Creating the Perfect Outdoor Living Space

By Rachel Wisinski and Anne Morrissy | Photos courtesy of Shigley Photo

Having lived on Geneva Lake’s south shore since 2007, the homeowner loved the lake house retreat she had curated, but eventually realized that one thing was missing: outdoor living spaces. “We wanted to enjoy the outside as much as we enjoyed the inside,” she explains. So she turned to Robert Milani, a senior landscape architect at Bertog Landscape Company, based in Wheeling, Illinois, to help make her home’s outdoor spaces match its incredible interiors, and to enhance the home’s views of the lake while trying to maintain privacy. It was no small project.

To achieve this, Milani drew from his knowledge and expertise across many areas of the business. A 30-year veteran landscape architect, he says he’s handled everything from larger design challenges to the details of mowing the grass, and was able to draw on these experiences to help guide this expansive residential landscape project.

The project, appropriately dubbed “Lake House Retreat,” started with an assessment of the property, an open field and a wooded area located near the lakefront. Milani says the homeowner envisioned a relaxed retreat, so the goal was to design the landscape to soften the architecture, creating a loose and informal feel. In order to achieve this goal, Milani and his team decided to clear vegetation around the home and plant a sweeping mix of woodland sedges and native perennials, in addition to American hazelnut, gray dogwood and witch hazel. In response to one of the homeowner’s concerns, Milani incorporated deer-resistant plants and materials, so they’re less likely to get eaten by the visiting wildlife.

“We wanted something relaxed and unstructured — something to attract wildlife like birds, bees and butterflies, where everything can come and go seasonally,” he says. “Seasonality was very important, to be able to see that transition from spring to summer to fall and even winter. We didn’t want it to be ‘cookie cutter,’ where you see the landscape. Everything had to be seamless, so when you drive up, it feels like it’s always been there.”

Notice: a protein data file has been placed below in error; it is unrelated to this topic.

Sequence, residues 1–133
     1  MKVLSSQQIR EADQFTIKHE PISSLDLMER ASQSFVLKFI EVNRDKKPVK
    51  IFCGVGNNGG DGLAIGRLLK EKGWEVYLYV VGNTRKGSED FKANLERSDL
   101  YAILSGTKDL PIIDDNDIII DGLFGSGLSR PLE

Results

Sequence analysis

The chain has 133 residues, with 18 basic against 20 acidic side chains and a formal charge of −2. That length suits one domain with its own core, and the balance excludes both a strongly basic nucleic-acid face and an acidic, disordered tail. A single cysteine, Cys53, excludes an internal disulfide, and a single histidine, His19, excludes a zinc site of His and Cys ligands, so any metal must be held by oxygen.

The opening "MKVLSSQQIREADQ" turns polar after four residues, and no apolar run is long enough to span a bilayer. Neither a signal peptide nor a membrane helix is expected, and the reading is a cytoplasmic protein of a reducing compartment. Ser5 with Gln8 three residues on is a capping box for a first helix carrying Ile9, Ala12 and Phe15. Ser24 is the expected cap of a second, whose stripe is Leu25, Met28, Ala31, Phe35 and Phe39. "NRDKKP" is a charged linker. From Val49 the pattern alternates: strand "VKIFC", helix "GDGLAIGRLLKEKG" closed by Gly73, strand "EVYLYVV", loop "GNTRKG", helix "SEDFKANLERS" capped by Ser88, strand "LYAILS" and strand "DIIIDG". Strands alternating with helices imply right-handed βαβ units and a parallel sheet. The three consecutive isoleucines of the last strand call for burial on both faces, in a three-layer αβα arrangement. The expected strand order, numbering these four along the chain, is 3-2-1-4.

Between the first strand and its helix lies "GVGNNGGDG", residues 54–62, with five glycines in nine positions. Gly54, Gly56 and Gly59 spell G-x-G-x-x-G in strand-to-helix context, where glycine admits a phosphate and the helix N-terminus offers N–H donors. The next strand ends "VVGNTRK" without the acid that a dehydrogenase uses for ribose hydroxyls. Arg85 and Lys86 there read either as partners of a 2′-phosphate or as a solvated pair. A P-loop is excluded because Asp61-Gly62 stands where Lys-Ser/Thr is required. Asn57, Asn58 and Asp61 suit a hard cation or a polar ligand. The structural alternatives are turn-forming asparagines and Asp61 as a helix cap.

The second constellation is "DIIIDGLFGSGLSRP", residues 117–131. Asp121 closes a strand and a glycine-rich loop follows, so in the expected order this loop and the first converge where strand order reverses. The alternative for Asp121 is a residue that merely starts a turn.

To enhance the outdoor living area, Milani and his team designed a semicircular outdoor kitchen constructed of the same limestone as the house itself, complete with an Italian pizza oven, a luxury gas grill and a Green Egg grill. In the backyard, a curvilinear bluestone patio features a limestone seat wall and a circular fire feature that complements the home’s architectural details and provides multiple spaces for the homeowner to gather with family and friends. A bluestone pathway from the kitchen area leads to an open field and outdoor patio shaped like an amoeba with an outdoor gas fireplace, a space Milani describes as “free-flowing.”

Surrounding these thoughtful outdoor living spaces, Milani created privacy through the use of natural garden spaces teeming with hundreds of plants and flowers. “This project was one of those not-so-typical landscape projects on the shore,” Milani says. “It was something outside the box. Instead of putting lots of shrubs everywhere, this called for soft, traditional, native plants.”

One of the challenges Milani says they faced in tackling the project involved design and logistics. He and his crew had to create spaces within entry points, taking care not to obstruct views of the lake, which led to the decision to locate the outdoor kitchen on the side of the home, adjacent to the patio. Due to space constraints and an issue with large oak trees near the home’s kitchen, Milani explains that instead of pouring new footings, they were able to use the foundation of the house and a retaining wall as the foundation for the outdoor spaces. “This saved us from damaging the root system of the oak trees,” he says. Proper drainage was also a significant challenge, solved through a creative drain tile design.

To match the stone façade of the home, Milani chose to make use of natural materials where possible. In the outdoor kitchen, he opted for more informal materials that helped better transition from the soft materials of the home to the woodland border. “Every property is designed to the client’s goals, which means [each project] can be very diverse and unique,” Milani explains. “We’re [always] looking for the best option, searching for new design ideas and things that could be really special to a client and that specific project.”

The Lake House Retreat project took about a year and a half to complete, due to a process that Milani calls phasing. When the new trees and plants filled in, he says he was thrilled with the effect. “It really shows you can do something this out of the ordinary and still have it work in a residential setting.”

The homeowner is equally pleased with the space. “The barbecue patio with pizza oven is a fun place to gather,” she says. “And the lakeside patio fire pit is a huge draw for all ages.”

Author: atthelake

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